General and quantity semaphores:
<tscreen><verb>
data QSem
newQSem :: Int -> IO QSem
waitQSem :: QSem -> IO ()
signalQSem :: QSem -> IO ()
data QSemN
newQSemN :: Int -> IO QSemN
signalQSemN :: QSemN -> Int -> IO ()
waitQSemN :: QSemN -> Int -> IO ()
</verb></tscreen>
Merging streams---binary and n-ary:
<tscreen><verb>
mergeIO :: [a] -> [a] -> IO [a]
nmergeIO :: [[a]] -> IO [a]
</verb></tscreen>
A <em>Sample variable</em> (@SampleVar@) is slightly different from a
normal @MVar@:
<itemize>
<item> Reading an empty @SampleVar@ causes the reader to block
(same as @takeMVar@ on empty @MVar@).
<item> Reading a filled @SampleVar@ empties it and returns value.
(same as @takeMVar@)
<item> Writing to an empty @SampleVar@ fills it with a value, and
potentially, wakes up a blocked reader (same as for @putMVar@ on empty @MVar@).
<item> Writing to a filled @SampleVar@ overwrites the current value.
(different from @putMVar@ on full @MVar@.)
</itemize>
<tscreen><verb>
type SampleVar a = MVar (Int, MVar a)
emptySampleVar :: SampleVar a -> IO ()
newSampleVar :: IO (SampleVar a)
readSample :: SampleVar a -> IO a
writeSample :: SampleVar a -> a -> IO ()
</verb></tscreen>
Finally, there are operations to delay a concurrent thread, and to
make one wait:<nidx>delay a concurrent thread</nidx>
<nidx>wait for a file descriptor</nidx>
<tscreen><verb>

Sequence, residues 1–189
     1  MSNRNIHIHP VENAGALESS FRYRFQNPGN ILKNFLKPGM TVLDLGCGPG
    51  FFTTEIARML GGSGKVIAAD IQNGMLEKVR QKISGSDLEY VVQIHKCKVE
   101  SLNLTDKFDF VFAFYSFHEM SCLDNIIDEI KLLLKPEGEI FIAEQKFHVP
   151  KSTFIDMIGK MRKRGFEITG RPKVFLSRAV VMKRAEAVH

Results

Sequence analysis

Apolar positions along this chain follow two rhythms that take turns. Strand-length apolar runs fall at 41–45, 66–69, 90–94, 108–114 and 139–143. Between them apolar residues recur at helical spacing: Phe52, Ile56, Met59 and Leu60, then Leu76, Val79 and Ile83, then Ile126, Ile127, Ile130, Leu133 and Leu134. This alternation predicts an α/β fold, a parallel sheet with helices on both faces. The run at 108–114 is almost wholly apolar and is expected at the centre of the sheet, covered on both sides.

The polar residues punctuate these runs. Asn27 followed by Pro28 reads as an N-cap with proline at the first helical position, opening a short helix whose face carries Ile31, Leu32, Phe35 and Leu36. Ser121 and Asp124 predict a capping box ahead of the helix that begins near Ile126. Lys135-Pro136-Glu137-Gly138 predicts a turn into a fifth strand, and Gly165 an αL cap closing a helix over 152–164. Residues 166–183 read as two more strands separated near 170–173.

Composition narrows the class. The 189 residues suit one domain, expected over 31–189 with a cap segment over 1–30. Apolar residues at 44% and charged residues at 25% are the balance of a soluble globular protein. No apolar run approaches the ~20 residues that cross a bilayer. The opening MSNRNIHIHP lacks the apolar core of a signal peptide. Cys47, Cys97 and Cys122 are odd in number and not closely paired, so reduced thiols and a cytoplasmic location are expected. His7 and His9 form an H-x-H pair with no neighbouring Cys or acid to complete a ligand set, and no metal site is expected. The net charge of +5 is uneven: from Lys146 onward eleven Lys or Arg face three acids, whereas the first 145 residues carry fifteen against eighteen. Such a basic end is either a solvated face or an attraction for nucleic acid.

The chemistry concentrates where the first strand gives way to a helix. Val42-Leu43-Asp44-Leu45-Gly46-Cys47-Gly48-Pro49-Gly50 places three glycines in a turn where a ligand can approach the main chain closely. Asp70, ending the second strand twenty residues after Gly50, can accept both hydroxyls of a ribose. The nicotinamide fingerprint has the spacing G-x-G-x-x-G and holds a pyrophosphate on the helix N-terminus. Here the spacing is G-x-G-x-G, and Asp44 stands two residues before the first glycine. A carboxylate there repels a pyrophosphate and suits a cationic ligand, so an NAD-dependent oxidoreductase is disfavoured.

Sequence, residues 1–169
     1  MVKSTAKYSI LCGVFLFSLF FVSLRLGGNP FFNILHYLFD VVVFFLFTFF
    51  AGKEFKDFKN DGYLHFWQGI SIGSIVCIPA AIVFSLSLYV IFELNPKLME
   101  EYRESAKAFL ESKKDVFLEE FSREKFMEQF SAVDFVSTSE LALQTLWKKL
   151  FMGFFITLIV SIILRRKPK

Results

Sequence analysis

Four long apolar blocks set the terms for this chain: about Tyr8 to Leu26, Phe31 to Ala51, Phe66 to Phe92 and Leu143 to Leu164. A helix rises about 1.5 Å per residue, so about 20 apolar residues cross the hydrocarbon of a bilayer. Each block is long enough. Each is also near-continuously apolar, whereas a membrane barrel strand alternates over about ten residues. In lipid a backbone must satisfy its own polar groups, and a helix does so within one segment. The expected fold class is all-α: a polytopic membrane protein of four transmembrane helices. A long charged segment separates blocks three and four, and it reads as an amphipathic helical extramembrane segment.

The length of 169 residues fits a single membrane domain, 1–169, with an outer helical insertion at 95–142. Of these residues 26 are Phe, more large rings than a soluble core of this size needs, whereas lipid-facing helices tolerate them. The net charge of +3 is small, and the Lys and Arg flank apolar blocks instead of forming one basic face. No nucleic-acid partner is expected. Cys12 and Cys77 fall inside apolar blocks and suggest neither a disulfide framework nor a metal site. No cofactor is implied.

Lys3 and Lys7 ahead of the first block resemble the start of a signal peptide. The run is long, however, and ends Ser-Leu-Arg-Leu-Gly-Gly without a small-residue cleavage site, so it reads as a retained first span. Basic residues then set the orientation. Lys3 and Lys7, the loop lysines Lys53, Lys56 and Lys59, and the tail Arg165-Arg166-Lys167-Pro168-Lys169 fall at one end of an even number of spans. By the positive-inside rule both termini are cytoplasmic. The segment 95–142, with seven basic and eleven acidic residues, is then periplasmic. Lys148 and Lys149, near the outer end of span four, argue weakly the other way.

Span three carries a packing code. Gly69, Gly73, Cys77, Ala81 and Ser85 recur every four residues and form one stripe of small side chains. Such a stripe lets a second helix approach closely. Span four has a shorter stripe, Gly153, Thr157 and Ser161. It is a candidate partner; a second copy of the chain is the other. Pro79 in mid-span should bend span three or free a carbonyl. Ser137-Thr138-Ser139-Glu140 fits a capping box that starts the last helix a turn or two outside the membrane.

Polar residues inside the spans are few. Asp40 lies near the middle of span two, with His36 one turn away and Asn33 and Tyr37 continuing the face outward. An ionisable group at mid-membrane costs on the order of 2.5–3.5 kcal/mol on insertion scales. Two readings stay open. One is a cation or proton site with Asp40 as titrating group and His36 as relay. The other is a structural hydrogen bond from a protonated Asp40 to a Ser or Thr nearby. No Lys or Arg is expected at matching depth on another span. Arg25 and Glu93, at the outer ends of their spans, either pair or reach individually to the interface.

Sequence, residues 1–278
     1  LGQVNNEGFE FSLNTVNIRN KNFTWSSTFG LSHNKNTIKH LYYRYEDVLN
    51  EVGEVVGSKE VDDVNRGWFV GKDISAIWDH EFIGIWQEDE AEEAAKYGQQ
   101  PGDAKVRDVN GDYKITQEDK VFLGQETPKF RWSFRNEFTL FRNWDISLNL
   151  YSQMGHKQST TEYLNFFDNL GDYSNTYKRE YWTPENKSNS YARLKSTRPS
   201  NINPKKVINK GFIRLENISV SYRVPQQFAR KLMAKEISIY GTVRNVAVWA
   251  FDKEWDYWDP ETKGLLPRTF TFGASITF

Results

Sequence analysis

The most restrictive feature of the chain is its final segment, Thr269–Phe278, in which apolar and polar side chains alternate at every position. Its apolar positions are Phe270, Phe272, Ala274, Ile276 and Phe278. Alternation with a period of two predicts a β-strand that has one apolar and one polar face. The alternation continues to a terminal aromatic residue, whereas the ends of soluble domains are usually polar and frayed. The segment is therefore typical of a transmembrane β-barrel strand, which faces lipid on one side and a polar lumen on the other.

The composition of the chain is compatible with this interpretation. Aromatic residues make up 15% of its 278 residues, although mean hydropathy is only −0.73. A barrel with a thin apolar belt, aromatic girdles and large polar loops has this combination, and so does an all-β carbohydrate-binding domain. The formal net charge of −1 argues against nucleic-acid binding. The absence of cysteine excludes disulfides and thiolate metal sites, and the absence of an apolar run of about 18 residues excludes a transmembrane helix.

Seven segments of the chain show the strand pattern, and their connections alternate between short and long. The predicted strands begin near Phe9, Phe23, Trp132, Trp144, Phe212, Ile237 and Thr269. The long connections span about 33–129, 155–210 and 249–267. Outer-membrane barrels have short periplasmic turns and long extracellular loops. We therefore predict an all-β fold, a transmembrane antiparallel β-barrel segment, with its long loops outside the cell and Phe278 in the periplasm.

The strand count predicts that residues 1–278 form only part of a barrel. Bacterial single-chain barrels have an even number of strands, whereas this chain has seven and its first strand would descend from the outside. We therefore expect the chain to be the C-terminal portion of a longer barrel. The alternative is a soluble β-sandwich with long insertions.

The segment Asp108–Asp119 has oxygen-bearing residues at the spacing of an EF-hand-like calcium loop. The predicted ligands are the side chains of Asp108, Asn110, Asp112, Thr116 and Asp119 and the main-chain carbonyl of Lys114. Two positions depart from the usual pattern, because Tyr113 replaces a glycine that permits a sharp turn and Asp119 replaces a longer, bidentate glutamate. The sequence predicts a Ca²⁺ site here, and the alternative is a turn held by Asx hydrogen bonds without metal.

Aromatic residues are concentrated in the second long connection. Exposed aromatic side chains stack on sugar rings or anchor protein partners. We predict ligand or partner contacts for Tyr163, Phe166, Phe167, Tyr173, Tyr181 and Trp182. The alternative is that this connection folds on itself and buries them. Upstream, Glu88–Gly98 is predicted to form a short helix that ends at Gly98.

threadDelay :: Int -> IO () -- delay rescheduling for N microseconds
threadWaitRead :: Int -> IO () -- wait for input on specified file descriptor
threadWaitWrite :: Int -> IO () -- (read and write, respectively).
</verb></tscreen>
Some details about Parallel Haskell follow. For more information
about concurrent Haskell, see the Concurrent section in the <htmlurl
name="GHC/Hugs Extension Libraries" url="libs.html"> documentation.
%************************************************************************
%* *
......
......@@ -951,11 +951,11 @@ The options you are most likely to want to turn off are:
<itemize>
<item>
@-fno-strictness@<nidx>-fno-strictness option</nidx> (strictness
analyser [because it is sometimes slow]),
analyser, because it is sometimes slow),
<item>
@-fno-specialise@<nidx>-fno-specialise option</nidx> (automatic
specialisation of overloaded functions [because it makes your code
bigger]) [US spelling also accepted], and
specialisation of overloaded functions, because it can make your code
bigger) (US spelling also accepted), and
<item>
@-fno-cpr-analyse@<nidx>-fno-cpr-analyse option</nidx> switches off the CPR (constructed product
result) analyser.
......